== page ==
The Fata Reforms Commission (FRC) and legislators from the tribal regions have narrowed their differences on many controversial recommendations for constitutional and administrative reforms.
The prime minister is expected to hold consultations with the aggrieved Fata parliamentarians and other stakeholders in the coming weeks to take the final decision on the proposed reforms.
FRC Chairman Ejaz Ahmed Qureshi told The Express Tribune that his panel and parliamentarians from Federally Administered Tribal Areas (Fata) have restarted negotiations after reaching a consensus on several points. “Talks between the FRC and Fata legislators will continue until complete consensus is reached,” he added.
The FRC panel was constituted last year by the Khyber-Pakhtunkhwa government and was tasked with the job of recommending steps for administrative and constitutional reforms in the tribal regions.
In May, the FRC made public an interim report of proposed reforms, which was rejected by Fata MPs who described the recommendations as a violation of basic human rights.
The lawmakers had demanded repealing the widely condemned Frontier Crime Regulations (FCR), a law commonly associated with the British colonial rule, and recognising the basic human rights of the tribesmen under the constitution.
They also wanted amendments in Article 247, establishment of a Fata high court, elections for the tribal agencies’ councils and an end to the authoritarian rule of political agents.
Ghazi Gulab Jamal, Fata’s parliamentary leader in the NA, told a news conference last month that all the legislators from tribal regions had been ignored by the FRC during the preparation of its recommendations.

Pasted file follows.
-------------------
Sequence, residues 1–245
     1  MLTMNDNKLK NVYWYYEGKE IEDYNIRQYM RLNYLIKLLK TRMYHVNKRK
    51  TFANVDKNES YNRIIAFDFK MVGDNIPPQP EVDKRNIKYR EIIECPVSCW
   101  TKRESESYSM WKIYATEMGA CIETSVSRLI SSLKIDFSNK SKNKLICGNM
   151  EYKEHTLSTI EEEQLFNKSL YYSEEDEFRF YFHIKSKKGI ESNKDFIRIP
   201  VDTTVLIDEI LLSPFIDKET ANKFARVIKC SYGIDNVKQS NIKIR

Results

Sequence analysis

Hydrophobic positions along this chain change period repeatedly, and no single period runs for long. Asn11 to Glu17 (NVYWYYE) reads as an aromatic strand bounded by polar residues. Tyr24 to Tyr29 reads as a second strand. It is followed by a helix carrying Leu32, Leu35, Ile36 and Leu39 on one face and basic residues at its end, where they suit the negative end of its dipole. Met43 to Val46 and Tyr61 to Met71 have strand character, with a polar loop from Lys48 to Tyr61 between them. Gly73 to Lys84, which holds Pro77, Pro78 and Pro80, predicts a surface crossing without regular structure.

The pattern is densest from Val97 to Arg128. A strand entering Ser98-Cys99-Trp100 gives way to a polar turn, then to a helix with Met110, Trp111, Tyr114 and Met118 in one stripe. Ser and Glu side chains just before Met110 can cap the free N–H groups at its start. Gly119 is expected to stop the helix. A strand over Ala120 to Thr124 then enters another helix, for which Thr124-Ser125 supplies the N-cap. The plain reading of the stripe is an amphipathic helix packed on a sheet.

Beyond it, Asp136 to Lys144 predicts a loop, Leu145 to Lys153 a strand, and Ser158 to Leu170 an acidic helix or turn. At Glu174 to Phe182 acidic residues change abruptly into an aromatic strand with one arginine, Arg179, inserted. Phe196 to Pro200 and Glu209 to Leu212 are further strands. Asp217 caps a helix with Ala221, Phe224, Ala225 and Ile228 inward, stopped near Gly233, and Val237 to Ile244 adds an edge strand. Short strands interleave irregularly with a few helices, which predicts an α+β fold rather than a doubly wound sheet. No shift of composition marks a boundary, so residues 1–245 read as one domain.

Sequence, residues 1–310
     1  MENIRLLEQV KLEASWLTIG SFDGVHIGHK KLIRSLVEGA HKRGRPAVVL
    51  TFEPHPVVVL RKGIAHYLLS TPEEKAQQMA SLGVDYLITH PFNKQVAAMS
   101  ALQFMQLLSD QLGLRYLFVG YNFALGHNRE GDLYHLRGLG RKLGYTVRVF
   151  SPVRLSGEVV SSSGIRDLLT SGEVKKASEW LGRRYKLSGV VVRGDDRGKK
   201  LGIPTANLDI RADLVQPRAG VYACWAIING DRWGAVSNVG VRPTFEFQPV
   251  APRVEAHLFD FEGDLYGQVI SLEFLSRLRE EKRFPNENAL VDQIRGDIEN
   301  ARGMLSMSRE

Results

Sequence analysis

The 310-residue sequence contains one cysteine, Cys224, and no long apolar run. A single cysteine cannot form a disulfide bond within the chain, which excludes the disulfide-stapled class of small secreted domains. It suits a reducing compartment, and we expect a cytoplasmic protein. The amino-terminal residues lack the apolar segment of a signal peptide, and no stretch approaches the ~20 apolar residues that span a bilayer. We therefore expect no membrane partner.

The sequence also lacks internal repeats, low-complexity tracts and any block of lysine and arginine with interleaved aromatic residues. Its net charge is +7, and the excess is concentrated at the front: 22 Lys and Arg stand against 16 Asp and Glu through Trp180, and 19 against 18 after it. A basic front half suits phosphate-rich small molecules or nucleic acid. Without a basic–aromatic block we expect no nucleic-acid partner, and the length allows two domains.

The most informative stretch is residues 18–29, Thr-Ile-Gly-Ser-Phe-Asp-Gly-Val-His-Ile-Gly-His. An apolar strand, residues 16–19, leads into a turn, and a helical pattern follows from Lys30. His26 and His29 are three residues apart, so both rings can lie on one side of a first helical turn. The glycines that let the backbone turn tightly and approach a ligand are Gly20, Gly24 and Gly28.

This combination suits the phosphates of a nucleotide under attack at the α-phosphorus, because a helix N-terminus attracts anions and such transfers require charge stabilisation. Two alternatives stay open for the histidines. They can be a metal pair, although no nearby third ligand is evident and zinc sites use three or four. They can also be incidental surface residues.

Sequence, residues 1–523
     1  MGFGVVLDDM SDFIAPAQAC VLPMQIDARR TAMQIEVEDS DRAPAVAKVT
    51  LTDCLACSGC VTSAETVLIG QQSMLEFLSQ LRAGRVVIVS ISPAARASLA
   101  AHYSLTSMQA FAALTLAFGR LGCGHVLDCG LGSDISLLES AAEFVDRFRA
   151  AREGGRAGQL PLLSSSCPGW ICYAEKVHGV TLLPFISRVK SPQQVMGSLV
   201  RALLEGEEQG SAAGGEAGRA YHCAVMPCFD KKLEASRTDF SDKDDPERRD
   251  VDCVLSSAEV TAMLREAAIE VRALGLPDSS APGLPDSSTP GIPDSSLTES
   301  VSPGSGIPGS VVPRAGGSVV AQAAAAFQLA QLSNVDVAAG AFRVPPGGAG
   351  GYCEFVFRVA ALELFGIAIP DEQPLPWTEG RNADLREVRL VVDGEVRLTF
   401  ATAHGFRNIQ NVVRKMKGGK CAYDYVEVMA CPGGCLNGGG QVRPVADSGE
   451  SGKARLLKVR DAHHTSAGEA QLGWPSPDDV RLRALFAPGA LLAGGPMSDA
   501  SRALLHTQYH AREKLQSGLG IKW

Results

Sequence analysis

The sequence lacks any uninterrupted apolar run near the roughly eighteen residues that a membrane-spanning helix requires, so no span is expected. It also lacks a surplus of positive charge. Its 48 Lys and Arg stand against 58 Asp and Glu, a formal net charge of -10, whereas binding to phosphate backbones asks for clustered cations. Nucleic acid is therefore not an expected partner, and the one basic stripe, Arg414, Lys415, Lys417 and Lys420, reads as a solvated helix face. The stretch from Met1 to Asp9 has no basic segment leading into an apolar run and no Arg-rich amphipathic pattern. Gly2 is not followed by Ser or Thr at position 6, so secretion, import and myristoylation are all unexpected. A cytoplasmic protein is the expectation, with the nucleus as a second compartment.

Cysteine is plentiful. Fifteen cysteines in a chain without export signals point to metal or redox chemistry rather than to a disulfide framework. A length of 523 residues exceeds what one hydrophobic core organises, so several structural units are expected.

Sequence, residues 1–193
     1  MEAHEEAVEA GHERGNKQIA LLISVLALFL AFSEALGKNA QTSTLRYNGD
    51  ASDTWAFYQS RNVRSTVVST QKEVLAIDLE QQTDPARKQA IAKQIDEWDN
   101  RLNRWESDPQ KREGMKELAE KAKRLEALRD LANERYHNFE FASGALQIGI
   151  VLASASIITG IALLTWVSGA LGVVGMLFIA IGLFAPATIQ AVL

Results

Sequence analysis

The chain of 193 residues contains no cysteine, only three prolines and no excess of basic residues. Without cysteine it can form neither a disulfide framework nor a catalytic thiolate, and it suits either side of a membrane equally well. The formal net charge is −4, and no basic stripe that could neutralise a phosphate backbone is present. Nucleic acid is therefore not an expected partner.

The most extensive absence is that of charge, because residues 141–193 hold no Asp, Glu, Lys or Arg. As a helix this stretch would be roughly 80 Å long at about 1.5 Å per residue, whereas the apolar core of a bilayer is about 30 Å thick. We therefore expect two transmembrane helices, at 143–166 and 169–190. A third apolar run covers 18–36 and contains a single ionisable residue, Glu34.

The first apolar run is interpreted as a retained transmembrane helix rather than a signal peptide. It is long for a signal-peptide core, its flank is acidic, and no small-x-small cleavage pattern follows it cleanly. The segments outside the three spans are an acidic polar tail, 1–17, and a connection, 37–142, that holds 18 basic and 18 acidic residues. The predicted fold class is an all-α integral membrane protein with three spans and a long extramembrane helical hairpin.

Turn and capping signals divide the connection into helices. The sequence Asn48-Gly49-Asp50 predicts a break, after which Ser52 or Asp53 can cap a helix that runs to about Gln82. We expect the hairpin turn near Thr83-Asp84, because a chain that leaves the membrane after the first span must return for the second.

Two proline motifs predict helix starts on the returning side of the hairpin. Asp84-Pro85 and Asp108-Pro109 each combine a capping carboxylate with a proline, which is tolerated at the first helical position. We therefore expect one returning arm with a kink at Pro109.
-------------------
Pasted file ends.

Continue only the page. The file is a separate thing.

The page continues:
The Fata parliamentarians were of the view that the FRC interim report was prepared to further strengthen the bureaucratic hold on their backward region which they said was unacceptable to the tribesmen.
FRC Chairman Qureshi said the commission would hold talks with the army high command in an effort to make the interim report acceptable for all the stakeholders. “To address the remaining controversial issues of the interim report, tripartite deliberations among the FRC, Fata legislators and army officials have also been planned,” he said.
He was confident a total consensus would emerge in the next few days. Qureshi said amendments would be made in the interim report to make it acceptable for Fata lawmakers and tribesmen. However, he made it clear that the prime minister was the only authority to accept the demands of the parliamentarians.
Published in The Express Tribune, June 28th, 2015.
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